The Dreams of the Blind

What do blind people dream about?

Do they dream in pictures, or in sensations and sounds?

Researchers tell us that it depends on when they lost their sight.

The brains of those who went blind after ages five to eight will have received a lot of visual inputs during the years when they could still see. These individuals are able to form visual dreams using the images stored in their memory banks for a good while after they’ve lost their sight.

People who are blind from birth are different, researchers say. The brains of these individuals have no visual images to work with, so they don’t dream in pictures like the rest of us. Instead, their dreams are based on input from the other senses: sound, taste, smell, or touch.

The upshot is that the blind can only dream using the inputs they’ve received.

Isn’t this true for all of us, in a way?

We can only dream about achieving or receiving things based on the examples that have been “inputted” into our minds. If we have never seen a real-life example that something is possible, we’ll probably never dream about it for ourselves.

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Plant the Seeds of Your Dreams

Vintage seed packets. Photo by Douglas Coulter on Flickr. CC BY-NC-SA 2.0

If you’re a gardener, you probably have a stash of seeds tucked away.

I certainly do. I have a special bin in a cupboard where I store all my seed packets:

Envelopes containing seeds I’ve harvested over the years from plants in my garden. Seeds that friends have collected from their own gardens and then passed on to me, along with handwritten notes about the plants.

Packets of seeds I’ve bought the Botanic Garden’s seed fairs that look intriguing: seeds of rare plants, unusual colours of better known plants, or hard-to-find heirloom varieties of vegetables or flowers.

I have a veritable treasure trove of seeds in my cupboard!

There’s only one problem:

Those seeds are doing me absolutely no good sitting in a bin on a shelf.

I may take the packets out from time to time and look rapturously at the photos on the front. I might imagine how nice it would be to grow such gorgeous flowers or unusual veggies.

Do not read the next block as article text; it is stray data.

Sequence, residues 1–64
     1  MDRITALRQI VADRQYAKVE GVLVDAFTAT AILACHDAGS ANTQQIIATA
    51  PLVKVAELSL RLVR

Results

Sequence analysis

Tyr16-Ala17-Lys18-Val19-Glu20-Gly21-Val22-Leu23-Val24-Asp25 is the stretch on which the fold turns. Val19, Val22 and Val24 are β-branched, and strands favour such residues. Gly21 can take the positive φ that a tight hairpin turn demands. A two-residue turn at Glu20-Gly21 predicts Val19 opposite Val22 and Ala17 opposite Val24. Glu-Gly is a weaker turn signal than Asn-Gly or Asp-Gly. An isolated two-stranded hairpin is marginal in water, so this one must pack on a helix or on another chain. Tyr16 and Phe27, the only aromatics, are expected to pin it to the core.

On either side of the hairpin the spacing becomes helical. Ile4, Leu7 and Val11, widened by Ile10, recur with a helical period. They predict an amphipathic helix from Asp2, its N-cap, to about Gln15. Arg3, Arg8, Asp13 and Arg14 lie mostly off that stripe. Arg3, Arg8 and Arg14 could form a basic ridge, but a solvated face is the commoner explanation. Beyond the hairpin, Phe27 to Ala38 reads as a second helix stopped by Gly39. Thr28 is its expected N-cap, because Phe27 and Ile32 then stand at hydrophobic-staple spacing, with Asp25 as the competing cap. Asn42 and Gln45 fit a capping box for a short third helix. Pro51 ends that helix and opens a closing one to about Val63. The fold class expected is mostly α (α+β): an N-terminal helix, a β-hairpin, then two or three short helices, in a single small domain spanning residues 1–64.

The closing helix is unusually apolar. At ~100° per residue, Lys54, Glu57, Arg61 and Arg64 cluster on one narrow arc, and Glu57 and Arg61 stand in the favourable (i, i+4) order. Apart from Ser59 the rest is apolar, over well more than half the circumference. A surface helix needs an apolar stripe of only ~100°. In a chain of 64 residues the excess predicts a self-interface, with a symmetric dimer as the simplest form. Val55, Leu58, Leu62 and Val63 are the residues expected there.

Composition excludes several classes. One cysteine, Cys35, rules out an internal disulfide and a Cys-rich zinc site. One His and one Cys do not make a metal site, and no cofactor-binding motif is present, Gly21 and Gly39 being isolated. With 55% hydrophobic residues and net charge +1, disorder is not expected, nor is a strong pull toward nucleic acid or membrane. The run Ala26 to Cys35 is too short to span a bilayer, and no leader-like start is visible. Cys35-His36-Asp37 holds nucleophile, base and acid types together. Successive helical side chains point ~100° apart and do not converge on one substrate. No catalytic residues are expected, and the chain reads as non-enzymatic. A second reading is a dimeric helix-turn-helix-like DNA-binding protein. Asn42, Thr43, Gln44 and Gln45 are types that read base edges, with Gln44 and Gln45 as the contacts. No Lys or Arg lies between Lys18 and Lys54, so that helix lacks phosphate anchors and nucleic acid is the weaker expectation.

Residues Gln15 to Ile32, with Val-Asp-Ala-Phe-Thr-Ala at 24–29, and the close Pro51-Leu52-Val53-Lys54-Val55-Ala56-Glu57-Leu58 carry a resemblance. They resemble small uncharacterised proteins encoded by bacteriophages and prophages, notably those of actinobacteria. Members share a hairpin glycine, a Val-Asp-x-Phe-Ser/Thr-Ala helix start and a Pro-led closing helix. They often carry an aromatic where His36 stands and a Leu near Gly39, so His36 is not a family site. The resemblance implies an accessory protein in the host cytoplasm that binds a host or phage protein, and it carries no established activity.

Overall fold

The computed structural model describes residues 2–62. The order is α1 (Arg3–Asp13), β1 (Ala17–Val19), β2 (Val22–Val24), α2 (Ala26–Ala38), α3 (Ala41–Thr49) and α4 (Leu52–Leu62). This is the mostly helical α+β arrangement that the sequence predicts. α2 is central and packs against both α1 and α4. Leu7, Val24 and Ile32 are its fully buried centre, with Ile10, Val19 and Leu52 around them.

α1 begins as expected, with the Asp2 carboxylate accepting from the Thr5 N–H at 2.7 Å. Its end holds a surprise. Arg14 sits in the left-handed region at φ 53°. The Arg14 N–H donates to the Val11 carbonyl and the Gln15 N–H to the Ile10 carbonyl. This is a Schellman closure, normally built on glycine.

But until I put those seeds in the ground, all they are is wishful thinking and pretty pictures.

If I don’t take a step of faith and plant my seeds, I’ll never get a harvest.

Similarly, we sometimes leave our dreams and desires on a shelf, so to speak.

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A Series of Fortunate Events

Image by Susann Mielke from Pixabay

Sometimes it takes a bit of time before we can tell if an event will turn out to be good or bad for us.

Take the famous Chinese proverb about Sai Weng losing his horse. The story goes like this:

Sai Weng, a old farmer, raised horses for a living. One day, his prized stallion ran away. His neighbours comforted him in his misfortune by saying, “What terrible luck!”

Sai Weng merely replied, “Maybe so, maybe not. We’ll see.”

Later, the stallion returned, bringing with it several wild mares. The farmer’s neighbours congratulated him on his good fortune: “What wonderful luck!”

Again, Sai Weng only said, “Maybe so, maybe not. We’ll see.”

One day, Sai Weng’s son tried to ride one of the new mares, but was thrown off and broke his leg. The neighbours again commiserated with the farmer, saying, “What bad luck!”

Sai Weng once again replied, “Maybe so, maybe not. We’ll see.”

Later, soldiers from the national army came through town, conscripting all able-bodied men for service in the war. The farmer’s son was spared, however, because he was still recovering from his broken leg. The neighbours said, “What great luck!”

Sai Weng simply said with a smile, “We’ll see.”

We often can’t judge whether an event in an of itself is fortunate or unfortunate. Sometimes only time will tell the whole story.

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Break Your Four-Minute Mile

Last October in Vienna, Kenyan Olympic champion Eluid Kipchoge made history. He became the first person to run a marathon in under two hours, a feat that had long seemed impossible.

After running the 26.2 mile course in one hour, 59 minutes and 40 seconds, Kipchoge drew comparisons to Sir Roger Bannister. Bannister was the Briton who in 1954 became the first person to run one mile in under four minutes, an achievement also once thought to be unattainable.

Kipchoge said something very significant after his race: “I expect more people all over the world to run under two hours after today.”

Why did he say that? Because Kipchoge knew that a funny thing had happened after Bannister’s victory: other people began breaking the four-minute mile as well. They suddenly saw that it was possible, and were inspired to believe that if Bannister could do it, so could they. The barrier he broke for people was just as much a mental one as a physical one.

Do you have a “four-minute mile” in your life? Are there things you would like to achieve, but you feel they’re impossible?

Take courage, because God specializes in breaking barriers!

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